spectator, though some playwrights in particular have tried to change that. 
Anyway, the works are embodiments of such understandings. Not a systematic, 
scientific knowledge or understanding. Such would be affective psychology. 
Psychology or any discipline of knowledge or research is a cultivated kind of 
learning or knowing in or on what light or basis one learns o!
 r knows things.

> And don't generals choose the means the means to attack or defend?  I guess 
> "with regard to" seems very vague to me.

They are some very general characterizations. I think such characterizations 
have more value if done systematically, such that, for instance, the linking 
"with regard to" varies systematically when made more specific. That's just too 
complicated for this discussion.

A means which is a way of contesting or fighting to retain control, where 
control is significantly at stake, is not just a workaday means, it's a weapon, 
an enforcer, a decider, your decider against others. Arms, defensive & 
offensive, armadas, ammunition, etc. Then think of all those things which in 
nonviolent conflicts we call weapons and defenses -- not literal swords and 
shields yet serving parallel functions. Again, the overall context is important 
-- is it a context of struggle to gain or keep control, or is it cooperative or 
at least tolerant, with forces safely under control? It's the difference 
between fighting, and work or chores.

Now, any added thing which enhances is apt to be called a means. Icing on the 
cake is kind of means or way to enhanced pleasure. Really it's an enhancement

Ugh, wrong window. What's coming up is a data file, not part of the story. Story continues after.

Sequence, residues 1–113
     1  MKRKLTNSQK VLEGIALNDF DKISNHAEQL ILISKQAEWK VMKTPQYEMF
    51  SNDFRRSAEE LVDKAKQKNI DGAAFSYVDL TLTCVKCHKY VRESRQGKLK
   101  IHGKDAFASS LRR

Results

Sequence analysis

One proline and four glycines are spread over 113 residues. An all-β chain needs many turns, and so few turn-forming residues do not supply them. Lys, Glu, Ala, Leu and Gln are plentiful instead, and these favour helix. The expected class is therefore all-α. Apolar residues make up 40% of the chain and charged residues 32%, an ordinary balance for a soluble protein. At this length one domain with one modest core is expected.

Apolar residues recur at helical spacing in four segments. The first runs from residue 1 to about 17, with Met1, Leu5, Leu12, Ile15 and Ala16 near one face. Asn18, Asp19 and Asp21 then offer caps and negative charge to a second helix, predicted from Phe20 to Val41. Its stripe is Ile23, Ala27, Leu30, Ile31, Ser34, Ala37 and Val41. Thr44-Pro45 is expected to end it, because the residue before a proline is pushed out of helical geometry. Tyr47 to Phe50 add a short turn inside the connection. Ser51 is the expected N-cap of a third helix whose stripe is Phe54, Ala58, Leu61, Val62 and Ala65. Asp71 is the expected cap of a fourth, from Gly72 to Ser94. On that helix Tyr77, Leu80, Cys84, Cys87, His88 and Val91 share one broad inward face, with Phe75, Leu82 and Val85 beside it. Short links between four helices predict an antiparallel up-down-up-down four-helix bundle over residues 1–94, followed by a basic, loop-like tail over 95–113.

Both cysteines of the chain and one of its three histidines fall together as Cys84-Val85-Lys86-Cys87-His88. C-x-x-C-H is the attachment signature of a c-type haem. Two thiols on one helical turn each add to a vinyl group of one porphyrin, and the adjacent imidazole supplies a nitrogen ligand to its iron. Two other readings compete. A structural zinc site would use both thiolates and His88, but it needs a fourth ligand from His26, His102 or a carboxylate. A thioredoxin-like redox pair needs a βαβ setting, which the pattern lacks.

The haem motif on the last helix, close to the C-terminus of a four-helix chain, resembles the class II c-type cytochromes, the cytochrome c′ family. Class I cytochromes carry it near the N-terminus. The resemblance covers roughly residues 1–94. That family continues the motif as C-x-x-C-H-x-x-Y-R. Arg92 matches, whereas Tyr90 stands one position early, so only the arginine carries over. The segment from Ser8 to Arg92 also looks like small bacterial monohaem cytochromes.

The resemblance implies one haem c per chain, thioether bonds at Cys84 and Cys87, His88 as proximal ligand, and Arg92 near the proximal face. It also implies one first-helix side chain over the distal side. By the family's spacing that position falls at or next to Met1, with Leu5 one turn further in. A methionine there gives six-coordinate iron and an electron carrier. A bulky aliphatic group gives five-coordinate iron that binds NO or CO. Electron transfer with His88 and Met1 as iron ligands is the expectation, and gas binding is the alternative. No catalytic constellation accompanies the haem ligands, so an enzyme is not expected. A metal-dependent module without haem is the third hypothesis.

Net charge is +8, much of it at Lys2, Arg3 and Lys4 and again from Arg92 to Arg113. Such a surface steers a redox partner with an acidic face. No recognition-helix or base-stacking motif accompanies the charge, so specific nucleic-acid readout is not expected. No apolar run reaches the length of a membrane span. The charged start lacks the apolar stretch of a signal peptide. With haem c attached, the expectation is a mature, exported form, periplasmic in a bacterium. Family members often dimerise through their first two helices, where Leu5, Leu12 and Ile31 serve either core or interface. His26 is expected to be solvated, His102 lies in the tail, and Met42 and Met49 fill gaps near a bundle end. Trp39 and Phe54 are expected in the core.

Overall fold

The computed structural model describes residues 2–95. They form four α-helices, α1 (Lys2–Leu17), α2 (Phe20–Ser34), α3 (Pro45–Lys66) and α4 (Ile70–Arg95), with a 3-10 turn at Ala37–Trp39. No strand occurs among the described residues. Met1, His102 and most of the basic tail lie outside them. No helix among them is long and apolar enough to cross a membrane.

of the end, not a tool or resource toward an end. But still, it's one of those 
added things. The sword isn't you (though you're supposed to wield it as an 
extension of yourself), it isn't your goal or your opponent or your victory, 
it's in between and amid those things, so it's natural to see it as a kind of 
middle. But its role is really not that of mediating and facilitating, instead 
it's your will, or your general's will, in steel, clashing for control, whereby 
you empower yourself or your general, or are overcome.

>>> Or maybe a lot of categories we've invented for the work.
>> Politics & martial affairs; business; management & compliance; skills of  
>> labor & cooperation -- "invented categories"? That's not a serious remark.

> Why not?  I could also categorize the same actions as communication, 
> calculation, and physical labor?  All categories are invented.  My point was 
> that simply classifying something according to a lot attributes doesn't make 
> that something any bigger (or smaller).

Which of those activities could possibly be categorized as "calculation"? 
That's the most surprising thing that you've said. If categories are all 
"invented," arbitrary, then there's no point in their whimsicality. Anyway, the 
point of those four was to bring into clearer relief the destinctions between 
deciding and performance, character & competence, etc, by pondering what each 
of the four actually involve. One of them could be classed as calculation? 
That's a stretch right out of sight.

>>> I'm always suspicious of schemes with "Levels".  Sometimes the schemer 
>>> invents the levels to put his opinions at the highest (and implicity, the 
>>> best) level.
>> I was talking about Tegmark's Levels and correlations thereto, as I 
>> mentioned that I thought I should try to bring the discussion "back to the 
>> Everything," I'm not aware of high-low valuations among those Levels.

> OK.

Another piece of agreed clarity. But I don't know how much longer we can get 
away with this off-topicality.

Ben Udell